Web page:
While 3D printing technology may have a wide range of applications where it has proven useful, the industry itself is quite limited overall as far as the diversity of those involved with it goes. Unfortunately, the 3D printing industry seems to have followed trends similar to other tech sectors, often leading to more men in the workplace than women. Despite this glaring issue, many female entrepreneurs and makers have managed to find their place in this majority boy’s club, helping to revolutionize the way that women tackle careers in tech.
One of these industry pioneers is Dr. Nina Tandon, the co-founder and CEO of EpiBone, a biomedical tech startup that utilizes 3D bioprinting to grow human bones. Her company’s advanced process may seem daunting at first glance, but it’s actually quite simple. First, EpiBone take a CT scan and create a 3D model from it, which is then CNC milled with animal bone that is cut into the necessary shape of the graft that needs to be implanted in the patient. Finally, fat cells are taken from the patient, isolated, and placed in a bioreactor to integrate with the CNC milled animal bone.
Dr. Tandon seeks to innovative the traditional techniques of reconstructive bone surgery by generating bones from patient-specific stem cells, which EpiBone hopes will reduce the need for multiple surgeries and improve the overall outcome for the patient. Recently, Dr. Tandon and her biomedical startup received a helping hand from a pair of successful businesswomen. Earlier this week, Plum Alley Investments, a private membership started by Deborah Jackson and Andrea Turner Moffit to support promising female entrepreneurs and gender-diverse teams, announced the closing of a $560,000 syndicate in EpiBone.
“I first met Nina 18 months ago in my work on the committee of senior advisors who work with the President and Board of Columbia to direct the University in the field of entrepreneurship. We all know how important our networks are and the opportunity you have when the network is open to both women and men. As a founder of a company and as an investor, I see the momentum and value to more inclusive and robust networks,” said Deborah Jackson, CEO of Plum Alley.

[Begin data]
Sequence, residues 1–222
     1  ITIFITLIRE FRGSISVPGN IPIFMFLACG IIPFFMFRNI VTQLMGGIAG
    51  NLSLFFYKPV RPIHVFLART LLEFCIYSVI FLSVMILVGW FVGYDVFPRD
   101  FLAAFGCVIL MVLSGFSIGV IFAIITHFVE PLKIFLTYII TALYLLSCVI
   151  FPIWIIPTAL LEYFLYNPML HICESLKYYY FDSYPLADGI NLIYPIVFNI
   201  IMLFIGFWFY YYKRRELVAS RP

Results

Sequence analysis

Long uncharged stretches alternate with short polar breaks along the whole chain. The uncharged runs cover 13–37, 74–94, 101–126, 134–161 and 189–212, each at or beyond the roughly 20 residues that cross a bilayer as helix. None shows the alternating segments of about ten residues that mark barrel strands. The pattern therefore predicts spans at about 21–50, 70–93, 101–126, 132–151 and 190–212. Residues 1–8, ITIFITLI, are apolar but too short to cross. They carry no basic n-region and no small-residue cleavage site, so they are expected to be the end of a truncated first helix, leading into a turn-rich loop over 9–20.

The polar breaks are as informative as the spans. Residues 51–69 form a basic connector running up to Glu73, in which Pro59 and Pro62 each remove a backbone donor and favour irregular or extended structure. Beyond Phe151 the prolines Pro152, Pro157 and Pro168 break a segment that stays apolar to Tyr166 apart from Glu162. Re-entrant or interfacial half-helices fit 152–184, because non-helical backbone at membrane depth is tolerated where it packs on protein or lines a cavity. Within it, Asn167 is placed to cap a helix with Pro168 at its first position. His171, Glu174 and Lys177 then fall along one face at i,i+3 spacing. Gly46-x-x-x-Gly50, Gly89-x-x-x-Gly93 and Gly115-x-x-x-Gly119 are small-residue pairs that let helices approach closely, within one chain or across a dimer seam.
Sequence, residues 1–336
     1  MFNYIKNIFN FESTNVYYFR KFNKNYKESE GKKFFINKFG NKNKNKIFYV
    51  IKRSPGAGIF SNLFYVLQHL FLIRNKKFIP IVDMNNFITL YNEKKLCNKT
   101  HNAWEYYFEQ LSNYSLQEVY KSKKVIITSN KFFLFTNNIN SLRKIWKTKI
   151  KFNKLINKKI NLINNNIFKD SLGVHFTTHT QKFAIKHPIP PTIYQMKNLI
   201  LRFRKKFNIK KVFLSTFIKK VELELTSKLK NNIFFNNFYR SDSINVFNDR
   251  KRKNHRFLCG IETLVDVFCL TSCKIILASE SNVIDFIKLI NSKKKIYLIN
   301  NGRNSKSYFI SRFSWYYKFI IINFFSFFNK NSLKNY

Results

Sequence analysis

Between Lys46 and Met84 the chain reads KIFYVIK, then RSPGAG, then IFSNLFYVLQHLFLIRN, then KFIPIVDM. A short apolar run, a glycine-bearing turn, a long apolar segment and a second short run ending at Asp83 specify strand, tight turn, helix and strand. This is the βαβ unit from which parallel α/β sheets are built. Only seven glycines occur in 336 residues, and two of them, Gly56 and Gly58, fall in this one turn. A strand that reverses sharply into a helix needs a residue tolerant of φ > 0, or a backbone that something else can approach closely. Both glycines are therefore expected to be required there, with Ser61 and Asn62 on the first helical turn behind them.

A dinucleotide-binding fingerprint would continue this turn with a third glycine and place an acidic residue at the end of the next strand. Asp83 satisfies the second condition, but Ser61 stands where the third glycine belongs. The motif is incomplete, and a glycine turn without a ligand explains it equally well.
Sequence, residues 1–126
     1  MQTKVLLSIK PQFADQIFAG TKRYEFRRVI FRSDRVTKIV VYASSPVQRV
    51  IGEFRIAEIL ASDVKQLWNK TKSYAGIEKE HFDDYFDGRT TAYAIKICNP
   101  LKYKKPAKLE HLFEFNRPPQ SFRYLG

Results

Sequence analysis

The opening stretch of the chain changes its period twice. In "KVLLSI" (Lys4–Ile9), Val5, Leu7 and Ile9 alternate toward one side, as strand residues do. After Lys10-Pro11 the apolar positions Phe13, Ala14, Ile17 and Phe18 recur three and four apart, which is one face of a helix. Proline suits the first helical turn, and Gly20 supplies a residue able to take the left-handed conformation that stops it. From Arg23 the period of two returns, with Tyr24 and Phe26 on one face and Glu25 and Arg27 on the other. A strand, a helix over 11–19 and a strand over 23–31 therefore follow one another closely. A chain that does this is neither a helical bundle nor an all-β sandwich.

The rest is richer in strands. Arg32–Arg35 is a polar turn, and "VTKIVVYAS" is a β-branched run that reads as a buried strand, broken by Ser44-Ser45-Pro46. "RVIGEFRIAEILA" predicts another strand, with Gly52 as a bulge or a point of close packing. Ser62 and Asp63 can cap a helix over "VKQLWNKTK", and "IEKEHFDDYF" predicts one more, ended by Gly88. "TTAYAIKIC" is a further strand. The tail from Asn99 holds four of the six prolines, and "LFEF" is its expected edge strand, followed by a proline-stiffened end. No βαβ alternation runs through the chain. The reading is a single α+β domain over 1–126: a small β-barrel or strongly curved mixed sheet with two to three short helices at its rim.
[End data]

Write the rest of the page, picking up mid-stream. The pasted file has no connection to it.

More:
The investment was made alongside other funders, including the Partnership Fund for NYC, Breakout Labs, and other noted angel and institutional investors, which altogether brought in a multi-million dollar capital raise for EpiBone. Plum Alley Investments has made it a point to construct a balanced ecosystem for men and women who value diversity to invest in these types of companies. According to a study recently conducted by Moffit and the Center for Talent Innovation, approximately 90% of women want to invest in companies that promote social well-being.
“We are thrilled to be working with Plum Alley, who recognizes that we not only need to back gender-balanced teams, but also address gender balance at the structural level with investors, to foster a broader, more connected ecosystem of founders and investors,” said Dr. Tandon.
EpiBone has become Plum Alley’s fourth official syndicate thus far. Within their first year in action, the investment firm has deployed around $1.5 million in capital across unconscious bias software, education tech for children, marketplace private investigators, and regenerative medicine. With the support of investors like Jackson and Moffit, Dr. Tandon and EpiBone are poised to expand their bone growth capabilities faster and more efficiently than ever before. Not only will the funding help provide a boost to the startup itself, it also showcases a more diverse industry that includes innovative women on every applicable level, from investor to tech startup founder. Discuss in the EpiBone forum at 3DPB.com.[Source: EpiBone]
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